Of course they can’t “gag” you in a physical sense, and in some limited instances, even if you have agreed to confidentiality or to not say anything derogatory, the law may override any contractual terms. For example:
Nothing in a settlement agreement can lawfully prevent you from making a protected disclosure, commonly known as whistleblowing. But be very careful about that. You are recommended to seek advice from an employment solicitor as to (a) whether the matters you are thinking about disclosing qualify as a protected disclosure and (b) how and to whom you are able to make a disclosure (c) the specific terms of your agreement.
Required by law
If, for example, you are summoned to be a witness in a court case, and you are asked a question, on oath, you must answer that question honestly and not be constrained by the settlement agreement.
As mentioned above, an employer is unlikely to pay settlement sums to an employee without having some ability to limit the reputational damage arising from the employment dispute.
Criminal and Regulatory Matters
Often, these will fall under the definition of whistleblowing. If they do not, and you wish to make a report to the police or a regulatory, you should take advice on whether there is a risk your employer could argue you are in breach of the settlement and if so what might happen.
6. What would happen if I spoke about my employer negatively after I’ve signed the agreement?
This will depend on how the non-derogatory statement clause is drafted and the extent to which you have breached it.
In theory, any breach of the clause is actionable by an employer on the basis of being a breach of contract although in order for a court to award damages i.e. compensation to be paid by you, the employer would have to show that some loss flowed from the breach.
In addition, if the employer was concerned about the breach and could show that damages were an inadequate remedy, then it may seek an injunction to prevent you from making further damaging comments in breach of the clause although the circumstances would have to be such to justify such injunctive relief.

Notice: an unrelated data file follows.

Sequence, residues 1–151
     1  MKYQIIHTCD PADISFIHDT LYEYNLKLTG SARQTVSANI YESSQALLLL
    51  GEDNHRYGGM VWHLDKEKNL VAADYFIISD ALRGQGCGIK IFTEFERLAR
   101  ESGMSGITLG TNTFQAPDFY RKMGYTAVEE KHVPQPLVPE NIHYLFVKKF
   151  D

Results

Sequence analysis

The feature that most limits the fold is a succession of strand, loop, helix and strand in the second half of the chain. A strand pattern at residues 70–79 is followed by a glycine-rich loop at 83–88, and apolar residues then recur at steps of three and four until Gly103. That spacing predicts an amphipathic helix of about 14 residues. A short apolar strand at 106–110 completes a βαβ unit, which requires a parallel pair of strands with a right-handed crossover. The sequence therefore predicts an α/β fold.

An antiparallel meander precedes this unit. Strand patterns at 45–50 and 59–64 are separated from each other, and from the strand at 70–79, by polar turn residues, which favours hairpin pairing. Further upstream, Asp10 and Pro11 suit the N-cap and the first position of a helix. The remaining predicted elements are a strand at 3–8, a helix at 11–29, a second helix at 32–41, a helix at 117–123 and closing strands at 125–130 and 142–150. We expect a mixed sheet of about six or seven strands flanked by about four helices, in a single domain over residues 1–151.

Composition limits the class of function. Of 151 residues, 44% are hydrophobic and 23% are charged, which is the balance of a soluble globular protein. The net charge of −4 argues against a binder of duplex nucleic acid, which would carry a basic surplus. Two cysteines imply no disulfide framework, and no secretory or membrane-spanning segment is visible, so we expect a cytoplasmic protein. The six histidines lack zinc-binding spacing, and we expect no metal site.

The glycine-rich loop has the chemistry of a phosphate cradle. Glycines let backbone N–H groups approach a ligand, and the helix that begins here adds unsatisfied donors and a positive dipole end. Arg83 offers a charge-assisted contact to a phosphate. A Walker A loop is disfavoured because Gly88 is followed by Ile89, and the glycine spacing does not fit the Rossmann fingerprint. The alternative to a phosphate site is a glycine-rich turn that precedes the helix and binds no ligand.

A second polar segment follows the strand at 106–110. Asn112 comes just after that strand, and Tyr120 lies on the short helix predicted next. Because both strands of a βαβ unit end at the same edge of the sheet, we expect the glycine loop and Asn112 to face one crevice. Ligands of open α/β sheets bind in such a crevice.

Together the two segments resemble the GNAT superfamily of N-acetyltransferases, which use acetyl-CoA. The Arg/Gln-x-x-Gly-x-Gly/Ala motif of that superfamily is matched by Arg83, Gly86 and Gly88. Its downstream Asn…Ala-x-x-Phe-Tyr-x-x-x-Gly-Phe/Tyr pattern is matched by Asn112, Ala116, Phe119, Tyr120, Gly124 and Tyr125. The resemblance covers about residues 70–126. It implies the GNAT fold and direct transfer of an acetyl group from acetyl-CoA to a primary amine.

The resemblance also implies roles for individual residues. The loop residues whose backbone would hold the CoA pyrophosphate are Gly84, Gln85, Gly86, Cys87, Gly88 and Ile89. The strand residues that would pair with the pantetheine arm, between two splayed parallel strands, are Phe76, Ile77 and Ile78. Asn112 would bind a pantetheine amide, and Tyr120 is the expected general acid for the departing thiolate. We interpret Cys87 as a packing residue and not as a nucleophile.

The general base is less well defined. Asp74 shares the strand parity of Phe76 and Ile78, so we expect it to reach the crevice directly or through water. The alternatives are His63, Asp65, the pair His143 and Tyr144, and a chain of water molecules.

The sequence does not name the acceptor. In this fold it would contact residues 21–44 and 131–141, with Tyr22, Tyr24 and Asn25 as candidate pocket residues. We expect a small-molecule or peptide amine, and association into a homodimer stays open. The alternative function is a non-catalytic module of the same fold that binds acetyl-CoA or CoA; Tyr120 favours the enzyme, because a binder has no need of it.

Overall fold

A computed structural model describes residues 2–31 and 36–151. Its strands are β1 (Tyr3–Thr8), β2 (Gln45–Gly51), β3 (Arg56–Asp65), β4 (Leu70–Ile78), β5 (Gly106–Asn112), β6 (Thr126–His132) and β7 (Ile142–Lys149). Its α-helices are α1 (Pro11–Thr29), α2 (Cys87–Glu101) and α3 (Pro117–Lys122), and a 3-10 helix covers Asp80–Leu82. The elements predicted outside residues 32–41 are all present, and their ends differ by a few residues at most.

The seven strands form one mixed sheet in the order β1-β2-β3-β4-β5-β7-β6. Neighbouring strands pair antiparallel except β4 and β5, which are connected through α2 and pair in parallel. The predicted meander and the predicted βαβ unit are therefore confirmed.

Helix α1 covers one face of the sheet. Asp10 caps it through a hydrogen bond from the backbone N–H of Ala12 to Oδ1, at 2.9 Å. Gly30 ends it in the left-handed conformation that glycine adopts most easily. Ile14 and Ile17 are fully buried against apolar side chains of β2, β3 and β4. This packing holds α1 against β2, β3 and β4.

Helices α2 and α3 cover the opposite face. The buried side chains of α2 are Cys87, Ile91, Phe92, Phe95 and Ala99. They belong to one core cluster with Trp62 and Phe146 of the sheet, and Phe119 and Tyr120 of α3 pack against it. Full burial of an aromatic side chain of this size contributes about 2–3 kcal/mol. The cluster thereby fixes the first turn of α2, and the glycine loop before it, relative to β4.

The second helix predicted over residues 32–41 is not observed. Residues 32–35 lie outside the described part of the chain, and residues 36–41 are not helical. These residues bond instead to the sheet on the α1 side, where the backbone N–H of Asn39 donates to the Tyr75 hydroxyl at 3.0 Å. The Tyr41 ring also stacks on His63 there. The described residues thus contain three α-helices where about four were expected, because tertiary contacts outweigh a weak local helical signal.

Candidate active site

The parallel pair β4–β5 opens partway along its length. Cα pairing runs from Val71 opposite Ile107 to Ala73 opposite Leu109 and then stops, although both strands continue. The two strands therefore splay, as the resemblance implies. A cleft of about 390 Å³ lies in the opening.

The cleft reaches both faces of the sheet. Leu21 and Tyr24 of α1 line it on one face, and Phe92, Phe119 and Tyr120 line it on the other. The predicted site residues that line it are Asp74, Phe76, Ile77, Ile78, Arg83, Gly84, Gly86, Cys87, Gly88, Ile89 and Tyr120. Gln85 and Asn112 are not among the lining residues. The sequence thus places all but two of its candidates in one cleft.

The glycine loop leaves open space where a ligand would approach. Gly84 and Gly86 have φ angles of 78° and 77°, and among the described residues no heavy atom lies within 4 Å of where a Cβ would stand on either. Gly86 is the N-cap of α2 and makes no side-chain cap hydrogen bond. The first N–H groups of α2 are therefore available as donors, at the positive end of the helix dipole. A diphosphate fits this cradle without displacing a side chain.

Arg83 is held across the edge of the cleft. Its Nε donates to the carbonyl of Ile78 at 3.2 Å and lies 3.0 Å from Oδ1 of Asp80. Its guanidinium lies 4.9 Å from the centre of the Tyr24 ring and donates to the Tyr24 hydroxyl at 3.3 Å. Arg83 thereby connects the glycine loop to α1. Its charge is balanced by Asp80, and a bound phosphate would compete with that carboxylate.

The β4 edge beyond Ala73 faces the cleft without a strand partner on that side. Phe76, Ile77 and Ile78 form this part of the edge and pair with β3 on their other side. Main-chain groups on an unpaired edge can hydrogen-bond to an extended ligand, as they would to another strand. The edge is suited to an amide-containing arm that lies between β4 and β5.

In any event, much will depend on the severity of the breach.
One end of the spectrum may be a former junior employee being overheard in a restaurant telling a close friend about “their former employer” and painting them in an unsavoury light. Although this would be a breach, it is hardly likely to lead to any serious loss unless the friend happens to be a major customer of the employer and decides to cease business relations as a consequence or is a journalist who decides to publish “an exclusive story”.
At the other end of the spectrum, a former aggrieved board director with considerable influence in a business sector starts a sustained social media campaign against his former PLC employer giving a “warts and all” insight into why the business is failing which leads to a dramatic fall in the PLC’s share price and the cancellation of several lucrative contracts.
In the latter case, the losses suffered may be very significant and the former board director is likely to be on the receiving end of prolonged and costly litigation.
7. Settlement sums may be conditional upon compliance
Regardless of these factors, employees should be aware that many employers will make the payment of the settlement sums conditional upon the employee complying with their obligations under the settlement agreement. Therefore, it could be a very costly mistake to make a bad comment about your former employer in breach of your obligations under the agreement because your employer may then refuse to pay to you the settlement sums due to you under the agreement or if they have already been paid to you, seek to recover those sums from you together with interest.
8. They can’t stop me telling the truth about them, can they?
For the reasons set out above, in practical terms that is the effect of a non-derogatory statement clause which you would be best advised to observe unless you wanted to run the risk of litigation and/or the loss or recovery of the settlement sums paid by the employer.
The only exceptional circumstances where a former employee would be relieved from complying with their legal obligations regarding non-derogatory statements are usually specified as being in order to make protected disclosures e.g. whistleblowing or by court order e.g. giving evidence under oath in legal proceedings.
Answer updated on 29 April 2018
IMPORTANT: The contents of this article are for guidance only and do not amount to legal advice.